Overlooking Lough Sheelin, one of Ireland's midland lakes, Ross Castle was built in 1536 by Richard Nugent, called the Black Baron because of his ill-tempered ways. Visitors to the town of Ross can stop at a spot where Nugent wrongly accused a beggar of thievery and had him hanged immediately. This was just one of his many violent acts.
The Black Baron also had a beautiful daughter, Sabina, who, unlike her father, was kind and gentle. Though her father was an English Lord, Sabina spent most of her time in the Irish countryside getting to know the local folk, which is where she met Orwin, son of one of her father's enemies, an O'Reilly chieftain. They fell deeply in love, but knowing they could never be together with their families at war, they hatched a plan to elope.
Late one night, the lovers met in secret and boarded a boat to row across the lake. A sudden storm overtook the small vessel, and Orwin met a watery death. Sabina was rescued, but when she awoke after three days to the knowledge of lover's demise, she locked herself in the castle tower, refusing any food or drink, and succumbed to her broken heart.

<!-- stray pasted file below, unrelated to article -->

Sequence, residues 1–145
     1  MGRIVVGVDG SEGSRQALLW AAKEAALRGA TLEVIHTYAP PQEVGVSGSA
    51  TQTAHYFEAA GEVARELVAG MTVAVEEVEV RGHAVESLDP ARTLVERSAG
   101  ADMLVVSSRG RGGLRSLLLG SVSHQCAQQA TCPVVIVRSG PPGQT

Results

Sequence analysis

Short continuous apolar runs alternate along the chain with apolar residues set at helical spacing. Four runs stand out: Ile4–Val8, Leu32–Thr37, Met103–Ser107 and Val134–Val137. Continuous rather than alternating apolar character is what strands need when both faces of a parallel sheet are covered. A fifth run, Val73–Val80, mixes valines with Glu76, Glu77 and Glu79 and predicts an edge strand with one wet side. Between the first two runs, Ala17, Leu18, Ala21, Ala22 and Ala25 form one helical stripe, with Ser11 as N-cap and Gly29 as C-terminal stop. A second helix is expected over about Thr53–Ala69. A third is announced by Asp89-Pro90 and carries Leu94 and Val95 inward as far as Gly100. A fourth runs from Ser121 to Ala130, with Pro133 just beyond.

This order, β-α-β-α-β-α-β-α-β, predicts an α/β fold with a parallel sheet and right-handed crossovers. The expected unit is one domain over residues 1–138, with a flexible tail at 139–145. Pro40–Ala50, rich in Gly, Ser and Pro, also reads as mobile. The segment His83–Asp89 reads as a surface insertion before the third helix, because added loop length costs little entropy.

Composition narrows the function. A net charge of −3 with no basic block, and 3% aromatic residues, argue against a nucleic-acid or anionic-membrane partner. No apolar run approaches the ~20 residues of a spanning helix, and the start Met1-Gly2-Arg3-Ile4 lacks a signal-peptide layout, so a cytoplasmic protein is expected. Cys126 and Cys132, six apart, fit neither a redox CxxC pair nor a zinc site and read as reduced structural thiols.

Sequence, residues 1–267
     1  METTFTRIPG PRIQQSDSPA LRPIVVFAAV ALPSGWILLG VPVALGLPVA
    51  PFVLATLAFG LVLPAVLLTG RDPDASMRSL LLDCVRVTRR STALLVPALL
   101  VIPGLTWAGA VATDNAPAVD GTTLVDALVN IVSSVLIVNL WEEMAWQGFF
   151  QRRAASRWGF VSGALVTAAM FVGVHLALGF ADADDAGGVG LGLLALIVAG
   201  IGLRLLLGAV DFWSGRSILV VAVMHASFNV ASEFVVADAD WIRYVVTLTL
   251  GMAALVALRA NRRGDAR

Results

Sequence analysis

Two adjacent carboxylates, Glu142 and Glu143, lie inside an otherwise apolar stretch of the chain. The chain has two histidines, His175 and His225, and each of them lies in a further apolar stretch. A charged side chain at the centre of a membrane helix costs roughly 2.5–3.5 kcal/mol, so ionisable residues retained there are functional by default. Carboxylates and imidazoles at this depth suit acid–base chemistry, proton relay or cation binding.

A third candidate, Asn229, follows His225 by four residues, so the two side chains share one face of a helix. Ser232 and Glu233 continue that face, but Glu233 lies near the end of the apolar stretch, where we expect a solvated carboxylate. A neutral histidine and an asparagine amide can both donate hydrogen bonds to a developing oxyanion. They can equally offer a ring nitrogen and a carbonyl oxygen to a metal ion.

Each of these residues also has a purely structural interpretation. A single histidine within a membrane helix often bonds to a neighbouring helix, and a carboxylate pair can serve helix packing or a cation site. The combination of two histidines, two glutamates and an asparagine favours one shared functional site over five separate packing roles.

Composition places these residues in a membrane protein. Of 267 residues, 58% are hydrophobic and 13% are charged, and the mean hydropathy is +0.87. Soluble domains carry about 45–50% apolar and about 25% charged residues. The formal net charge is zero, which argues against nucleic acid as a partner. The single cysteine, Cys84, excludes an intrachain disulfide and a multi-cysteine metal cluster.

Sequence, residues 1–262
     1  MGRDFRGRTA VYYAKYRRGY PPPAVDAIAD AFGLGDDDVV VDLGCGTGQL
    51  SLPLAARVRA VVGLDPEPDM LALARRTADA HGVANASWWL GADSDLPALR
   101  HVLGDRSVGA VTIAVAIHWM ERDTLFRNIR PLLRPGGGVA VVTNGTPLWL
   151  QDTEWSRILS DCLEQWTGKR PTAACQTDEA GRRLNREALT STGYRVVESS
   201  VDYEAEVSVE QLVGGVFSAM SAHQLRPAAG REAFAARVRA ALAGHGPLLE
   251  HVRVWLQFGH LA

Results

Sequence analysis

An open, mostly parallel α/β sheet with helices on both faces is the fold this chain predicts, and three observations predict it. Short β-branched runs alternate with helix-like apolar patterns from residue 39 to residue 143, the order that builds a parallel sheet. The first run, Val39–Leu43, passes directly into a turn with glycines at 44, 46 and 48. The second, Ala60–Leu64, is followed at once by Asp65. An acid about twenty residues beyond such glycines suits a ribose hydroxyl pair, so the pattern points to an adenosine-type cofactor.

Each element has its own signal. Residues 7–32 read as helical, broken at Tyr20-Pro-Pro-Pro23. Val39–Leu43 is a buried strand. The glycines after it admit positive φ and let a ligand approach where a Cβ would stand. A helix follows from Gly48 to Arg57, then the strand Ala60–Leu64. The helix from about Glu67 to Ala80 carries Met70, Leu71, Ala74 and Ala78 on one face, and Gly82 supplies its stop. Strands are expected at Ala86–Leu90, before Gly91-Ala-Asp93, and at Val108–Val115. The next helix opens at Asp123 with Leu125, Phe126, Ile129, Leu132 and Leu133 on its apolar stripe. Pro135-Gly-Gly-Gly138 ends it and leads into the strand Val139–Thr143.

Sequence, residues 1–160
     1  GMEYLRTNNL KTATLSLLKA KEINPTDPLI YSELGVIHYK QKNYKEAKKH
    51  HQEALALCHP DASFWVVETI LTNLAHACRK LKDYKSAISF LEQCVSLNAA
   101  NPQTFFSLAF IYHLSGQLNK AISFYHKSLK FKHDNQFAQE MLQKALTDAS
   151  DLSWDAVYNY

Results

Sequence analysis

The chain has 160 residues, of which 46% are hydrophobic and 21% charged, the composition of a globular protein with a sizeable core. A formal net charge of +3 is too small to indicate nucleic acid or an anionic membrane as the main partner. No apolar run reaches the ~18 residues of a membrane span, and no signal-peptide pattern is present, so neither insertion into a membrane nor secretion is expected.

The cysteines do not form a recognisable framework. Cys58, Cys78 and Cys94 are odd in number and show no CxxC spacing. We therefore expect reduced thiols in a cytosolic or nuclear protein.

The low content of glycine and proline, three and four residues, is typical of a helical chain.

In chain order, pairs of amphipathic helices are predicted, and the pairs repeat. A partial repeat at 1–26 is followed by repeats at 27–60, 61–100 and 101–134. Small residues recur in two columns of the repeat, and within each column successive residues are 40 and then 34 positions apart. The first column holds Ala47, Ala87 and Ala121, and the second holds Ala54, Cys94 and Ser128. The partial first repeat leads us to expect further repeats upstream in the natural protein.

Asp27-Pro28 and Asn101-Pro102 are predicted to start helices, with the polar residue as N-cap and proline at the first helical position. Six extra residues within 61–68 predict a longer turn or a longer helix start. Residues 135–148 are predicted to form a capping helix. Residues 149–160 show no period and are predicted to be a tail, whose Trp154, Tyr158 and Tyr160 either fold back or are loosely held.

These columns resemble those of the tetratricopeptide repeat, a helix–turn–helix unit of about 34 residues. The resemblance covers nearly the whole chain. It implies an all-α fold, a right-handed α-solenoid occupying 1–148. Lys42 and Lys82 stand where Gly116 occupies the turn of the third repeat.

To this day, guests will see Sabina's restless spirit walking the walls of the castle searching for her lost love. The Black Baron has also been spotted on many occasions; possibly he's unwilling to leave the place where he once ruled supreme.
Rooms start at €70 (about $103 U.S.; check XE.com for current exchange rates) per night during high season.
(Photo: Ross Castle)